Someone was going to take up the baton of hyper-violent, Indonesian action movies after Gareth Evans mic dropped The Raid 2 all over us and split to pastures new and so, eagerly waiting in the wings, was Timo Tjahjanto and Kimo Stamboei who were poised to tag in with Headshot, the latest slice of martial arts mayhem. Collectively known as the Mo Brothers, Tjahjanto and Stamboei even brought with them The Raid alumni Iko Uwais and Julie Estelle (Hammer Girl) to really draw the connection home while dealing up the same mixture of emotive drama and cranial trauma that typified Evan’s revelatory action blowout. But could two directors who, by their own admission, had never scripted or shot an action movie before, manage to keep the maniacal momentum going and produce a pulse (and fist) pounding experience for the ages. Short answer? Yes – but not until Tjahjanto made The Night Comes For Us two years later…


Awaking from a coma and naming himself “Ishmael”, a young man has to come to terms with a nasty case of amnesia after being found with a mysterious gunshot wound to the head. Thankfully he has the kindly Dr. Ailin to care for him as he recuperates in the rural hospital of the island he was found on but as time goes on, Ishmael can only remember the barest flashes of his past.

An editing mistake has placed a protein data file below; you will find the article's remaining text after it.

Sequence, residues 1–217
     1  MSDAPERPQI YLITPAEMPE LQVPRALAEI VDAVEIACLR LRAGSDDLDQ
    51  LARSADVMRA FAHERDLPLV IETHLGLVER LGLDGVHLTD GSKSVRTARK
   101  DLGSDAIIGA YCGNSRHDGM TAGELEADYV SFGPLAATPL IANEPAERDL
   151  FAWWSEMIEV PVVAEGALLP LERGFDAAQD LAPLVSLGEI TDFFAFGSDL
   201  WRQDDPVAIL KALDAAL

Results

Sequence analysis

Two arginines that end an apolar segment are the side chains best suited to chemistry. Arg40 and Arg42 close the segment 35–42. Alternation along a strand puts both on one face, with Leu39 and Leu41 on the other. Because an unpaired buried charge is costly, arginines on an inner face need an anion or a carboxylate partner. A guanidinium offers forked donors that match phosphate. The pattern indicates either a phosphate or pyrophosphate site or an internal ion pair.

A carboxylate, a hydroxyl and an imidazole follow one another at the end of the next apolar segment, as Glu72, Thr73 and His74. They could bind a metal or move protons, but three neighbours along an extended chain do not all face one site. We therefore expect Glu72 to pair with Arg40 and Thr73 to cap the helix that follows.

Meanwhile, the monstrous mobster known as  “Lee” stages an audacious, brutal, jail break with minimum effort and soon re-gathers his almost cult-like subordinates around him to violently take back his empire. However, during this takeover, a thug, desperate to live, deals out some information on a mystery man recuperating in a hospital due to a head wound. Sound familiar? Because it sure does to Lee who seemingly is responsible for Ishmael’s condition and quickly tasks his devoted underlings to capture or kill Ishmael but only succeeds in kidnapping Dr. Ailin and small child instead.
As Ishmael attempts to finds Ailin and, by extension, unlock his past, he starts to discover exactly how much of a nasty piece of work Lee truly is thanks to his habit of kidnapping children and putting them through ungodly training in order to fashion them into a perverted family of killers and smugglers and naming himself as their “father”.
With every bone crunching altercation, Ishmael comes closer to figuring out the truth about himself, but is it a truth he actually wants to hear as clubs swing, femurs crack and skin splits. With a final showdown in sight and both Ishmael and Ailin both living on borrowed time and collecting wounds and abrasions like baseball cards, this is one family reunion that’s really going to hurt.